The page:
KINSHASA (Reuters) - Democratic Republic of Congo plans to set up a special fund to manage all aid donations under a new draft law, its cabinet said on Tuesday, a week after it failed to show up at an international donors conference.
The United Nations is seeking $2.2 billion to support about 13 million people in Congo this year caught up in a litany of humanitarian crises caused by ethnic and militia conflicts that conjure some of the worst memories of the 1998-2003 civil war.
At a conference last week international donors pledged $528 million toward that effort, including bringing food to 2.2 million children with severe acute malnutrition that makes them susceptible to death from disease.
In a statement, Congo’s cabinet said its new Humanitarian Fund Management Agency would “manage, monitor and control humanitarian funds and work to channel all financial flows affecting the humanitarian sector” in the country.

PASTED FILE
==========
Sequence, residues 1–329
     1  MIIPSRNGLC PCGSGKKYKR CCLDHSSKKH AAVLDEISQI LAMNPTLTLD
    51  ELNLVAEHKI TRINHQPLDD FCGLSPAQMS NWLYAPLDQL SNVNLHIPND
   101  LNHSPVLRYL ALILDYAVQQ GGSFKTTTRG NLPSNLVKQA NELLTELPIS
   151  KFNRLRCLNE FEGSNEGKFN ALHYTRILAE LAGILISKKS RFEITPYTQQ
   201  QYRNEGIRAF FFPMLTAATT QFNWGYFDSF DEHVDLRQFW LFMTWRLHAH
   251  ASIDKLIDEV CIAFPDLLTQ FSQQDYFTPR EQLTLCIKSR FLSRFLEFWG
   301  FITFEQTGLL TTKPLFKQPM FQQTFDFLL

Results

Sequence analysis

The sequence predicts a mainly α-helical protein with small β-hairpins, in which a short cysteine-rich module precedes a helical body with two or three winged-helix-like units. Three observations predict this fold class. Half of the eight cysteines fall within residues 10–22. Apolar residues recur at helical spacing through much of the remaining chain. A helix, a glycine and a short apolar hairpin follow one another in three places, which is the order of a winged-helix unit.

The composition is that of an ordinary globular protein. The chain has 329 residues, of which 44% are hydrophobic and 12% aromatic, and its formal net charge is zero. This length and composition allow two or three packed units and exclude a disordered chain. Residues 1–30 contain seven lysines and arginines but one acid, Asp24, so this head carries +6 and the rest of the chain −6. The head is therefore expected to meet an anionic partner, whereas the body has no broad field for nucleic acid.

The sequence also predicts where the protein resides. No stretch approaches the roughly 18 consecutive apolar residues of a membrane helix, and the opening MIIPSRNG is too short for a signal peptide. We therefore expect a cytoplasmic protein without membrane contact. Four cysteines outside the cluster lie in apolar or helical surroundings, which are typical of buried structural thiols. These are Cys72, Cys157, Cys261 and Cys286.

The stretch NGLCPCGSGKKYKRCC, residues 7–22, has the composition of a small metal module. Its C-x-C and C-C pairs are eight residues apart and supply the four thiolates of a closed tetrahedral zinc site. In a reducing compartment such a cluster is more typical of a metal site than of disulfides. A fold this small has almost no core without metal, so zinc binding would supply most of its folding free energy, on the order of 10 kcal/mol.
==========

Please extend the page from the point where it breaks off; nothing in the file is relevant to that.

It was not clear how the new fund would work, whether international donors would agree to send money into an account run by the Kinshasa government, and whether the new fund would jeopardize funding already agreed under previous rules.
A U.N. spokesman said it was waiting for “further clarity” from the Congolese government before commenting.
Still, the decision to change the way it accepts funds came at a delicate time for the Central African copper producer.
President Joseph Kabila’s refusal to step down from power when his mandate ran out in 2016 has led to a breakdown in state authority in much of the remote east of Congo, stoking age-old conflicts that have forced 4.3 million people from their homes.
The decision also coincides with a cooling in Congo’s international relations capped by Kabila’s decision not to attend the U.N. pledging conference in Geneva last week.
Kinshasa has denied there is a humanitarian crisis in the giant central African country, and accused foreign powers of stigmatizing the country and scaring away investment.
Reporting by Amedee Mwarabu in Kinshasa with; additional reporting by Tom Miles in Geneva; Writing by Edward McAllister; Editing by Mark Heinrich